Wednesday, July 10: After visiting the Alcazar, we wander through the Juderia visiting the old Jewish Market & the Synagogue.
Jews were once prominent citizens of Islamic Cordoba. The medieval Juderia is a winding maze of streets with whitewashed buildings and pretty flower boxes.
We stop to rub the feet of a statue that is said to give good luck.
The synagogue was built in Mudejar style and consists of a courtyard, accessed from the street, which leads to a hallway, followed by the prayer room. On the eastern side of the hall is a staircase that leads to the women’s gallery. The gallery overlooks the prayer room through three decorative arches.
The synagogue, built in 1315, is one of only three surviving medieval synagogues in Spain and the only one in Andalucía after the Jews were expelled in 1492.
In 1492, it was used as the St. Quiteria hermitage and the house as a hospital for hydrophobic people (people with an irrational fear of water, usually as a result of rabies). A priest discovered its plasterwork on the walls in 1884, when part of the mortar walls fell down.
We wander through another pretty little courtyard.
We then walk into the stunning St. Bartholomew Chapel, a historical and artistic monument dating from 1391. It acquired the rank of parish very soon after it was built until the 17th century.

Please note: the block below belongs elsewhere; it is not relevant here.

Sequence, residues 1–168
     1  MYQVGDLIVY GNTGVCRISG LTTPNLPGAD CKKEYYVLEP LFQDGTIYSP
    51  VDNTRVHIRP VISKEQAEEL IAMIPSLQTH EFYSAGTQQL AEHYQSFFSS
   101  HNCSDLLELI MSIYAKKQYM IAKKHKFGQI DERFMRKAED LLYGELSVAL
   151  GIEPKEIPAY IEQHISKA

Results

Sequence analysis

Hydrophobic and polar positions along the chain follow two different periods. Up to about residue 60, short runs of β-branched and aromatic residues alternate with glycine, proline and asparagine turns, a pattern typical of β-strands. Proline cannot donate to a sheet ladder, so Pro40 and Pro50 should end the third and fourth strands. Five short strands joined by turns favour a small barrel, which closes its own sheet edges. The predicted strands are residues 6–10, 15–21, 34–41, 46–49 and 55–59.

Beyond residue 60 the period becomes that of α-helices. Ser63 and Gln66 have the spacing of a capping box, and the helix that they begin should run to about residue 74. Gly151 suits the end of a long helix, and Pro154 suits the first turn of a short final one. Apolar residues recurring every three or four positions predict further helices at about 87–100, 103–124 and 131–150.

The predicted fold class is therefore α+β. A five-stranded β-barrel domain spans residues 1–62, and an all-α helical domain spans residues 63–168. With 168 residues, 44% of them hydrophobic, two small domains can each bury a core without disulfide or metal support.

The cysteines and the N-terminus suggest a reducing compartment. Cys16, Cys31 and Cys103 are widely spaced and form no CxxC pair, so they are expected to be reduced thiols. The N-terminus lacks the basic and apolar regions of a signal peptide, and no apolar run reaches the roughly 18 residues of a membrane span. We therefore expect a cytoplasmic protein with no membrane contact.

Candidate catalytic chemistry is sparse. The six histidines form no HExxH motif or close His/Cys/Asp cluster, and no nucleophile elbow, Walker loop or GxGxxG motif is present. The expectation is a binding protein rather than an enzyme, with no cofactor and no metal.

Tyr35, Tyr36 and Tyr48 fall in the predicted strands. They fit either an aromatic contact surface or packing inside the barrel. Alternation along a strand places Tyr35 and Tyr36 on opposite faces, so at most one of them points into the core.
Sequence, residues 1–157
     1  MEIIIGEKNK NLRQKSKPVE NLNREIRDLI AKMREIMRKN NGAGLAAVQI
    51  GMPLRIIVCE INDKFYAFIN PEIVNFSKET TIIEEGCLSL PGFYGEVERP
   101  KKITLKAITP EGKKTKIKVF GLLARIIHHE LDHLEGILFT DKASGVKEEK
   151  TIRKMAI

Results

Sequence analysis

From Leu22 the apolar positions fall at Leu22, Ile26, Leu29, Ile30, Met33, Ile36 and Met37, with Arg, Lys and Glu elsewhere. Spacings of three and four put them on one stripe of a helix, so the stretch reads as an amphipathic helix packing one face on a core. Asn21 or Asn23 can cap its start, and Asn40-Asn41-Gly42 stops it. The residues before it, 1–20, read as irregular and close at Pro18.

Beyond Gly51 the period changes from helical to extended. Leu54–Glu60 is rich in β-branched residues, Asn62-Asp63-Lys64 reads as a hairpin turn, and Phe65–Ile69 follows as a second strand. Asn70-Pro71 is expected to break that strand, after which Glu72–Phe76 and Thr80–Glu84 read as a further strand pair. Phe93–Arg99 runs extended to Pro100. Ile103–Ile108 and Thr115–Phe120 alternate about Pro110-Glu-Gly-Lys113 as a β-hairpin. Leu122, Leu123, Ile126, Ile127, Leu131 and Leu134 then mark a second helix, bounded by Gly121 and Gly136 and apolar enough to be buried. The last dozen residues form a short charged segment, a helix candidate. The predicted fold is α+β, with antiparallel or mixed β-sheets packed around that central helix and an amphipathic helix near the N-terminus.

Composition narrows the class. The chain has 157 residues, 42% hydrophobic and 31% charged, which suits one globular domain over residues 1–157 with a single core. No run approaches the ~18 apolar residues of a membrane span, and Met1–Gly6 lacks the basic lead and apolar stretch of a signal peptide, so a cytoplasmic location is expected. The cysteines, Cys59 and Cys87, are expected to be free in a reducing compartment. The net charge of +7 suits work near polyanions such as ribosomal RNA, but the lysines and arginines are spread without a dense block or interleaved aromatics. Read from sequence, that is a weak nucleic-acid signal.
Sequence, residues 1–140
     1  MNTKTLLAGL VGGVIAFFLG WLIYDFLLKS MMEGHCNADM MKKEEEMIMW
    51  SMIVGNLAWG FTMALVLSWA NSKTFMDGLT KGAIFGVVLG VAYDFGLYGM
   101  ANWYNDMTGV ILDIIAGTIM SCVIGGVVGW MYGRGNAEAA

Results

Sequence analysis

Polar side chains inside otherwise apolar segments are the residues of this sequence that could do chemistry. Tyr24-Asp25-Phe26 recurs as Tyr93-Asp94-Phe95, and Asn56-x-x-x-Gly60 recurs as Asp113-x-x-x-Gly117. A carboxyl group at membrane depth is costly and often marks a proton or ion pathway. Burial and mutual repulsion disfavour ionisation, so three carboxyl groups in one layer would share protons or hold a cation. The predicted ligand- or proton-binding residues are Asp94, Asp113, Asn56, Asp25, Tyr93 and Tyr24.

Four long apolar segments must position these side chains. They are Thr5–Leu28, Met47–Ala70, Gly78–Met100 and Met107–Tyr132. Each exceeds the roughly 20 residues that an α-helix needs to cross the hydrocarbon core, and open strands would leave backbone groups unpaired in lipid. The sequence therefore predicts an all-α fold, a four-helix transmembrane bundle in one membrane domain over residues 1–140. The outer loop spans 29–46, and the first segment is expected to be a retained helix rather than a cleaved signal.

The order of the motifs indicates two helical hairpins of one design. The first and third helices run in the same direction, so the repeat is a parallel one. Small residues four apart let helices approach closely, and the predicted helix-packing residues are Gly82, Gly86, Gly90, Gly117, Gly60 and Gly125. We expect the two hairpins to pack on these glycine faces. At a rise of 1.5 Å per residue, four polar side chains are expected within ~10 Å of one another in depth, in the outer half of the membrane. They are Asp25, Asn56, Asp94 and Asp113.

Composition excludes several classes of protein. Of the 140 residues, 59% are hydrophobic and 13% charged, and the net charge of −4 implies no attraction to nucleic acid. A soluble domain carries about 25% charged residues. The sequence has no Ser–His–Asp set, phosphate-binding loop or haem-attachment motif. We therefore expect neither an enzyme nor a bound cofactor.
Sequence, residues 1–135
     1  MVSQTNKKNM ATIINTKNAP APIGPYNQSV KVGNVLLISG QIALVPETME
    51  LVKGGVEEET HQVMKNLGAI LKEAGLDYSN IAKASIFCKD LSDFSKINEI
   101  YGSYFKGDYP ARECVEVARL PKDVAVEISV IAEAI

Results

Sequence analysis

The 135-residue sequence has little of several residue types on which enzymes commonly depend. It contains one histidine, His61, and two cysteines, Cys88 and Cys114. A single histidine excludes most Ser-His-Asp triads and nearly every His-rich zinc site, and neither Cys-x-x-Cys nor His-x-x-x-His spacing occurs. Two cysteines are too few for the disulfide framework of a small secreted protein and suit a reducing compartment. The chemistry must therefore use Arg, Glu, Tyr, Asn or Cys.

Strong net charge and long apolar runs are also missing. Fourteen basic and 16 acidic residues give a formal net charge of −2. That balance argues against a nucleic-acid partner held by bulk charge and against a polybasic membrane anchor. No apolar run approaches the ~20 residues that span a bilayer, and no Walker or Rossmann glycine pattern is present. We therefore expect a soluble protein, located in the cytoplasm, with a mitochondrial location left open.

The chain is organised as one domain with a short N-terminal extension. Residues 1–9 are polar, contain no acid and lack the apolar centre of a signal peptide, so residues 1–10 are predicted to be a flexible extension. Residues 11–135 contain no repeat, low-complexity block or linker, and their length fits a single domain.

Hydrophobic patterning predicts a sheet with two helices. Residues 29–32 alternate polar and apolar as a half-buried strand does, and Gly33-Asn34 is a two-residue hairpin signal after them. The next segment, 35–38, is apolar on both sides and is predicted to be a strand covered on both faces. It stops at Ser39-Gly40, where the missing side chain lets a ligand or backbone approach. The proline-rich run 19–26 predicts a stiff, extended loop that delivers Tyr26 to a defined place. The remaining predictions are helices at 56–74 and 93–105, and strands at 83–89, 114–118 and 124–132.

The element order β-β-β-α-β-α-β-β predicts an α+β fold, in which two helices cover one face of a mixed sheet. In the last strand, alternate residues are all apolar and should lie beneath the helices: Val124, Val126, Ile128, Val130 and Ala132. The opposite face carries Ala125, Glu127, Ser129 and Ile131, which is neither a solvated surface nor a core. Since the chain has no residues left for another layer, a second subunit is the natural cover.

Then we head to the Bodega Mezquita for a fabulous tapas lunch. I love the posters on the walls of the restaurant.
We share Salmorejo: cold smooth tomato-based cream with emulsified olive oil, Iberian ham and boiled egg garnish.
We also share: Mozarabic meatballs in almond and saffron sauce; homemade oxtail croquettes; Al-Andalus chicken tagine with vegetarian couscous and nuts; and baby broad beans and Serrano ham sauteed with egg and oil with a touch of mint. I don’t share the stewed pork cheeks with sauce, but the others seem to enjoy.
The food is so delicious!!! I savor every little morsel. I especially love the meatballs and the baby broad beans. I wish I could eat like this all the time. 🙂
Before we leave the restaurant, I make a stop in the ladies’ room.
Finally, after lunch we head to the famous Mezquita, but on the way we stop to admire some pretty flower-lined alleys.
Then on to Cordoba’s stunning Mezquita, probably my favorite historical place on my whole trip. 🙂